Total haemoglobin mass, but not haemoglobin concentration, is associated with preoperative cardiopulmonary exercise testing-derived oxygen-consumption variables

J. M. Otto, J. O.M. Plumb, D. Wakeham, E. Clissold, L. Loughney, W. Schmidt, H. E. Montgomery, M. P.W. Grocott, T. Richards

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Background: Cardiopulmonary exercise testing (CPET) measures peak exertional oxygen consumption (V˙O2peak) and that at the anaerobic threshold (V˙O2 at AT, i.e. the point at which anaerobic metabolism contributes substantially to overall metabolism). Lower values are associated with excess postoperative morbidity and mortality. A reduced haemoglobin concentration ([Hb]) results from a reduction in total haemoglobin mass (tHb-mass) or an increase in plasma volume. Thus, tHb-mass might be a more useful measure of oxygen-carrying capacity and might correlate better with CPET-derived fitness measures in preoperative patients than does circulating [Hb]. Methods: Before major elective surgery, CPET was performed, and both tHb-mass (optimized carbon monoxide rebreathing method) and circulating [Hb] were determined. Results: In 42 patients (83% male), [Hb] was unrelated toV˙O2 at AT andV˙O2peak (r=0.02, P=0.89 and r=0.04, P=0.80, respectively) and explained none of the variance in either measure. In contrast, tHb-mass was related to both (r=0.661, P<0.0001 and r=0.483, P=0.001 forV˙O2 at AT andV˙O2peak, respectively). The tHb-mass explained 44% of variance inV˙O2 at AT (P<0.0001) and 23% inV˙O2peak (P=0.001). Conclusions: In contrast to [Hb], tHb-mass is an important determinant of physical fitness before major elective surgery. Further studies should determine whether low tHb-mass is predictive of poor outcome and whether targeted increases in tHb-mass might thus improve outcome.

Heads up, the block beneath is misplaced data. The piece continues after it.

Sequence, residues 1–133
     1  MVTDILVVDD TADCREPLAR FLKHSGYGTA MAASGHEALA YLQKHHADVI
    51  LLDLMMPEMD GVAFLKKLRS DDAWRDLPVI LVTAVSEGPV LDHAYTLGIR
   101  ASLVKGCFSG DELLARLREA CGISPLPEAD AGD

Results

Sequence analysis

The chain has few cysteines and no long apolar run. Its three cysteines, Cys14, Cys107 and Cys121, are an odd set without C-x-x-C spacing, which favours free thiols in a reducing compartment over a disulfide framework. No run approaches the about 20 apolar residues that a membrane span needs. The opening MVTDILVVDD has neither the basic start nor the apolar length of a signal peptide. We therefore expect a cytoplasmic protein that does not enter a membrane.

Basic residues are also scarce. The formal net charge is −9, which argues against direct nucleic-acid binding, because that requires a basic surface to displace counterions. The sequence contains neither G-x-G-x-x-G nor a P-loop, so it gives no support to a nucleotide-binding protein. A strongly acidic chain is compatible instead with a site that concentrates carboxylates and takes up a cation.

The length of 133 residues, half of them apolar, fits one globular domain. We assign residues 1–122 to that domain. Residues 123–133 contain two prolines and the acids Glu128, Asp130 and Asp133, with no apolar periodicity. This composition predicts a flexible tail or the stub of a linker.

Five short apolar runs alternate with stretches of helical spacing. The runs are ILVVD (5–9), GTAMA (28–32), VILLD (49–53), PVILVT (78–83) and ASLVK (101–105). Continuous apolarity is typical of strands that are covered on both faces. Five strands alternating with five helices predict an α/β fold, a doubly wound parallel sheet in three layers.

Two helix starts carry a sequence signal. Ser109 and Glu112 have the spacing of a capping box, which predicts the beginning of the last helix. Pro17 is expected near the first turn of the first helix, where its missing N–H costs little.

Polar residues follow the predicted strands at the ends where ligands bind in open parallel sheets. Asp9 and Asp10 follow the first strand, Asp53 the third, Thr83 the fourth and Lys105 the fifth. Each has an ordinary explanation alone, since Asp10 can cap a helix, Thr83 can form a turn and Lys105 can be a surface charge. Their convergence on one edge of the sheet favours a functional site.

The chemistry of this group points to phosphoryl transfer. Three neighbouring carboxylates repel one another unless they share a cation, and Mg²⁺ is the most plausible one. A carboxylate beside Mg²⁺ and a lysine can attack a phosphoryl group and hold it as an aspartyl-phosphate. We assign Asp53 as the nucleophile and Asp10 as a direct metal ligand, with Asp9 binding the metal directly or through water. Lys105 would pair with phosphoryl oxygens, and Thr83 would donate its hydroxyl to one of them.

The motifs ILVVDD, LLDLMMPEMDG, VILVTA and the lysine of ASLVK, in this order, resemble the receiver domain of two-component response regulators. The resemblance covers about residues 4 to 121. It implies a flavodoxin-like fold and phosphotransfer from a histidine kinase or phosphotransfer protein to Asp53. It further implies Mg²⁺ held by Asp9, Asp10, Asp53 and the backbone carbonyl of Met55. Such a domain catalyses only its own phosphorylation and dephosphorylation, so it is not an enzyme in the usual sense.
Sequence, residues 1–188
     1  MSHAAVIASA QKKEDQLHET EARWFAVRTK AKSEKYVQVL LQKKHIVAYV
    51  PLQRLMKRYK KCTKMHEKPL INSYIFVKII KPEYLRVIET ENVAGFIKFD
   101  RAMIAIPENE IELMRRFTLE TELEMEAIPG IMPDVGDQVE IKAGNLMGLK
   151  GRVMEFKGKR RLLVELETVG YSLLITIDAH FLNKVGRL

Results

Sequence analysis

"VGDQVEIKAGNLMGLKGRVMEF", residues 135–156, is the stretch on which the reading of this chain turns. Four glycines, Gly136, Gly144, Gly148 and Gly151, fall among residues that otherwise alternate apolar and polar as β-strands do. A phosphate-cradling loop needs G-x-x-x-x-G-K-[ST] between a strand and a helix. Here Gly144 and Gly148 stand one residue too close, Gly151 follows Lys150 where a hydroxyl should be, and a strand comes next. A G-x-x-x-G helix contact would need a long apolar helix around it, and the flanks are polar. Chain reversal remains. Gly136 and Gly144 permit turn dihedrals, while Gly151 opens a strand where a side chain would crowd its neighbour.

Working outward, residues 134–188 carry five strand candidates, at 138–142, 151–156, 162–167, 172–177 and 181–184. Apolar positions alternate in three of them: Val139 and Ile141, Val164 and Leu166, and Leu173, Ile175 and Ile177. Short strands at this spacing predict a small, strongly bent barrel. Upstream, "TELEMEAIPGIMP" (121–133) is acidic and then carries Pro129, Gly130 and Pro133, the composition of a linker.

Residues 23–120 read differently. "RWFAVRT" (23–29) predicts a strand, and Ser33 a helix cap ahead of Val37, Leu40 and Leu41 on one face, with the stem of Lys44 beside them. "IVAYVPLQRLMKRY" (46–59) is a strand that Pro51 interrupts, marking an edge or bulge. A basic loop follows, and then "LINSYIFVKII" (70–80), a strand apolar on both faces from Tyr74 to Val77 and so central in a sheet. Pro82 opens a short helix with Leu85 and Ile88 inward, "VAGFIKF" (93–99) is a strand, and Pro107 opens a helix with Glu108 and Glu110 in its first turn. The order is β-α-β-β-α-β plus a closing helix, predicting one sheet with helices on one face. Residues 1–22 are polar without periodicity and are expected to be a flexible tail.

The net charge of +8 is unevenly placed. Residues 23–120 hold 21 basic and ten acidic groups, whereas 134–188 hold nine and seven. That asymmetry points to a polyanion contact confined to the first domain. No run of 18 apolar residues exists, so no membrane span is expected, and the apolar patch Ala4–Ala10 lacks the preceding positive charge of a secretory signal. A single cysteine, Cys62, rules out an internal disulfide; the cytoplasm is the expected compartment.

Original languageEnglish
Pages (from-to)747-754
Number of pages8
JournalBritish Journal of Anaesthesia
Issue number5
Publication statusPublished - May 2017
Externally publishedYes


  • anaemia
  • anaerobic threshold
  • cardiopulmonary exercise test
  • oxygen consumption
  • physical fitness
  • surgery

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